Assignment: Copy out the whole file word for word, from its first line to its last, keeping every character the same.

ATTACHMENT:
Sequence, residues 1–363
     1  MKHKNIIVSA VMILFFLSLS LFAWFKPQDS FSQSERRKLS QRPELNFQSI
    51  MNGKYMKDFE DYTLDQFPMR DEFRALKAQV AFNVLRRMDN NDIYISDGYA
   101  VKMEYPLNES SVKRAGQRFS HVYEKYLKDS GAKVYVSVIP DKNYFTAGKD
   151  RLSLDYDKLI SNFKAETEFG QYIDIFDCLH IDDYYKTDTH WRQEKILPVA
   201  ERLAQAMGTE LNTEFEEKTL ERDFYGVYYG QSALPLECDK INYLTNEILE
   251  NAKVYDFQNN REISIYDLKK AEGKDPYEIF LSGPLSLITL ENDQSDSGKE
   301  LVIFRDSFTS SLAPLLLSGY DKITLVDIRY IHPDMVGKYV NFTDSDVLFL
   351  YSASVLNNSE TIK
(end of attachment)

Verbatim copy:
Sequence, residues 1–363
     1  MKHKNIIVSA VMILFFLSLS LFAWFKPQDS FSQSERRKLS QRPELNFQSI
    51  MNGKYMKDFE DYTLDQFPMR DEFRALKAQV AFNVLRRMDN NDIYISDGYA
   101  VKMEYPLNES SVKRAGQRFS HVYEKYLKDS GAKVYVSVIP DKNYFTAGKD
   151  RLSLDYDKLI SNFKAETEFG QYIDIFDCLH IDDYYKTDTH WRQEKILPVA
   201  ERLAQAMGTE LNTEFEEKTL ERDFYGVYYG QSALPLECDK INYLTNEILE
   251  NAKVYDFQNN REISIYDLKK AEGKDPYEIF LSGPLSLITL ENDQSDSGKE
   301  LVIFRDSFTS SLAPLLLSGY DKITLVDIRY IHPDMVGKYV NFTDSDVLFL
   351  YSASVLNNSE TIK